C-Sections Can Cause More Harm Than Good If Overused

Armen Hareyan's picture


Although caesarean sections can "sav[e] lives when performed as anemergency intervention" during childbirth, the procedure can cause"more harm than good when overused," Jennifer Block, author of the book"Pushed: The Painful Truth About Childbirth and Modern Maternity Care,"writes in a Los Angeles Times opinion piece.


According to Block, CDC last month releaseddata showing that maternal mortality has increased for the "first timein decades," even though 99% of women give birth in a hospital withadvanced technology. About 30% of U.S. infants are delivered throughc-sections, which is "inherently riskier" than vaginal birth and canlead to repeat c-sections, which "carry even greater risks," Blockwrites.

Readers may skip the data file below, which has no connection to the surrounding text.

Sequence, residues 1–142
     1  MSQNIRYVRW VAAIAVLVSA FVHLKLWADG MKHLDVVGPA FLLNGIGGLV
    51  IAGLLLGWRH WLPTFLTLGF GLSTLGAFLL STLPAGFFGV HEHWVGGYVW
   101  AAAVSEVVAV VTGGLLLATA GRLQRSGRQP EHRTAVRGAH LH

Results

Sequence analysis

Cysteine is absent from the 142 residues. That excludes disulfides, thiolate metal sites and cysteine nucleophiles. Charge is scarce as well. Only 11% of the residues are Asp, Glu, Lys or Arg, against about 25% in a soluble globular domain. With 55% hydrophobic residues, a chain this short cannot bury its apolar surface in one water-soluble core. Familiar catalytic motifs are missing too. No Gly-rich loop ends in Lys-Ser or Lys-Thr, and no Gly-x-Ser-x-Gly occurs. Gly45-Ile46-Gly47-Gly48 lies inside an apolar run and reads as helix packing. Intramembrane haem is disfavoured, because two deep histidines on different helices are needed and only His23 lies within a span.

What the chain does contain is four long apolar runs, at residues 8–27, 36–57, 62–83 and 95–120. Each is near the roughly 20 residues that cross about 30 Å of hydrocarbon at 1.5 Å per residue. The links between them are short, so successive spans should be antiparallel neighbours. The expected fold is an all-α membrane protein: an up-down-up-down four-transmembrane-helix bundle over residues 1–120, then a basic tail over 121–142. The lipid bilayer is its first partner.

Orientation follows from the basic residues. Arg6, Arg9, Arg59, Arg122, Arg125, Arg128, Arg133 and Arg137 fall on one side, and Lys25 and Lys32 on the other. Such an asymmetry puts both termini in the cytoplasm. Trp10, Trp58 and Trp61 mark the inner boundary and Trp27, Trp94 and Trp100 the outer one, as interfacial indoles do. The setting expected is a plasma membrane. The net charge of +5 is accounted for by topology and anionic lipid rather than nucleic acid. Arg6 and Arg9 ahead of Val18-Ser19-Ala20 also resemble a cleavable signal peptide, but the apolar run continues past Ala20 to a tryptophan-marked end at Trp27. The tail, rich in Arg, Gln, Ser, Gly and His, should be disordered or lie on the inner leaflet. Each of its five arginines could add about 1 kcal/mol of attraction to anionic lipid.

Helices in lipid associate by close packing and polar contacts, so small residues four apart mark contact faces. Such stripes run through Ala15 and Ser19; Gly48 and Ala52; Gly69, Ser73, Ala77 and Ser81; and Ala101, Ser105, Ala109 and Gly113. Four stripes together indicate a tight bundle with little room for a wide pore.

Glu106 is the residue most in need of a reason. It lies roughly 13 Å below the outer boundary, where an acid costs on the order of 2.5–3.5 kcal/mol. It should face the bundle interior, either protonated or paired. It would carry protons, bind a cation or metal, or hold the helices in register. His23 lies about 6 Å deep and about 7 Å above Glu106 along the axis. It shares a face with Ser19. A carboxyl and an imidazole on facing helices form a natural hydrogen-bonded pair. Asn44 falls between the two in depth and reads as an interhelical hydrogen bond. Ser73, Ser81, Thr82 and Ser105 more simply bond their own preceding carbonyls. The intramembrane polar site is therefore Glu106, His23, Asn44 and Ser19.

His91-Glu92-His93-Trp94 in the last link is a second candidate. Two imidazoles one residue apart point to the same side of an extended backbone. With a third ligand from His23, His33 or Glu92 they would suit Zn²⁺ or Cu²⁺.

U.S. "maternity wards are fast becoming surgicalsuites," Block writes, adding that the U.S. health care system has"become dangerously cavalier" about the increase in c-sections. "Inmany cases, women have no choice" in deciding whether to give birthvaginally or via c-section because "hundreds" of hospitals have"banned" vaginal births after c-sections, even though VBAC is a"low-risk event," according to Block. In addition, "many doctors willno longer attend [VBAC] because of malpractice liability."

Pregnantwomen in the U.S. need "entirely different care," Block says, adding,"They need doctors and hospitals that promote normal labor anddelivery" (Block, Los Angeles Times, 9/24).

Reprinted with permission from kaisernetwork.org. You can view theentire Kaiser DailyWomen's Health Policy Report, search the archives, and sign up for emaildelivery at kaisernetwork.org/email. The Kaiser Daily Women's Health Policy Report is published for kaisernetwork.org, afree service of The Henry J. Kaiser Family Foundation.